Helping technology experts understand humanitarian organizations

Guidance for Collaborating with Formal Humanitarian Organizations

Guidance for Collaborating with Formal Humanitarian Organizations

The Digital Humanitarian Network has just published an excellent document that can help improve, how the volunteer and tech community and international aid organizations work together.

While many documents have been written that try to explain things like crisis mapping or social media to non-profit organizations, this is the first time that someone has produced guidance for technology experts who want to understand the humanitarian world.

An introduction for the tech community

Guidance for Collaborating with Formal Humanitarian Organizations” gives a very basic overview of what formal humanitarian organizations are and how disaster response works in practice. It then goes into the different phases of disaster response and explains how to collaborate during the different phases of an emergency response operation. This is followed by a list of common challenges that occur when the volunteer and tech community (V&TC) works with NGOs, the UN or the Red Cross Red Crescent Movement, followed by recommendations how to overcome these.

The last part of the document is a list of previous deployments where V&TCs have successfully worked with large humanitarian organizations.

The document is pretty straightforward and I’d encourage all organizations that are interested in working with the volunteer and tech community to put it on their own websites (the document is licensed under creative commons license).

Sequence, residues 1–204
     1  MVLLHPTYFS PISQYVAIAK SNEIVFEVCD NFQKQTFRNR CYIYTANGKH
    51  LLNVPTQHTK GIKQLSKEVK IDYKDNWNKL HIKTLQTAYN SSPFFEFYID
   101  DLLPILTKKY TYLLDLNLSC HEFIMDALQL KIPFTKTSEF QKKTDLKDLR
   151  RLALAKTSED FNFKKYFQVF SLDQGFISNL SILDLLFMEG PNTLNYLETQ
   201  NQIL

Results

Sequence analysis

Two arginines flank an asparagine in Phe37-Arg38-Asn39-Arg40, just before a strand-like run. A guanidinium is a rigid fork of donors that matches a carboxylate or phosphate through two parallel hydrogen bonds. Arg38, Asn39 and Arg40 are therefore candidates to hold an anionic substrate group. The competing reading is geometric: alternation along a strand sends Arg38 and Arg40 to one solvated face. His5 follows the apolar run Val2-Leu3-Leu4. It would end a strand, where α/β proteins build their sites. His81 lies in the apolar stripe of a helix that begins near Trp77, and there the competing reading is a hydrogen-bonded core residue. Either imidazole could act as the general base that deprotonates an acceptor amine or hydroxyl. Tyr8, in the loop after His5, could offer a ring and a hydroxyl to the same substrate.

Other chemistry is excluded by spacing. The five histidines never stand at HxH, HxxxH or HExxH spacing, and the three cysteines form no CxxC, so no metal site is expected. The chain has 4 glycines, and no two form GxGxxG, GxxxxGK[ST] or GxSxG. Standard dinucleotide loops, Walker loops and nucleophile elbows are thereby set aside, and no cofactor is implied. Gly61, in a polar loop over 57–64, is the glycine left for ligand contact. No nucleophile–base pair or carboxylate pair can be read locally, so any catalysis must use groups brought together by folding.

When to engage

There is only one part in the document that I find a little confusing. While the authors rightfully highlight the importance of building relationships prior to an emergency and emphasise that disaster responders are normally too busy to build new relationships in an emergency, they later say that “many internal champions within the humanitarian sector view times of crisis as ‘moments for innovation’. During a crisis, many traditional entities are more open to external partnerships, providing V&TCs with an opportunity to participate more directly with disaster response.”

That is not my experience and I would stick to making sure that you have your relationships in place and understand how you can add value, before the next big disaster. Aside from this tiny bit of criticism I think that the “Guidance for Collaborating with Formal Humanitarian Organizations” is a very helpful document that can make it easier for tech experts and disaster responders to work together better.

Last year, the authors already published a document that looked at the issue from the other point of view and explained to humanitarian organizations how to work with the volunteer and tech community .

  • Hi Timo,

    Yes, the partnership vs relationship topic is a bit tricky to articulate without spending a lot of time on it. I see it as building relationships (sometimes just at the person level rather than at the organization level) BEFORE an emergency. Then during emergencies, organizations may be more willing to engage in a 'partnership' with that person or organization.

    Traditionally, during emergencies, organizations can make it difficult to form partnerships (challenges of getting MOUs setup, managers not understanding possibilities, legal teams, etc). But, as Charles Duhigg notes that during turmoil organizational habits become malleable. So, it can be during a crisis that organizations become more flexible and willing to form new partnerships to get things done.

    Perhaps my blog "Partnerships + Crisis = Innovation and Change" provides a bit more clarity? http://blog.veritythink.com/post/56773196539/part

    Andrej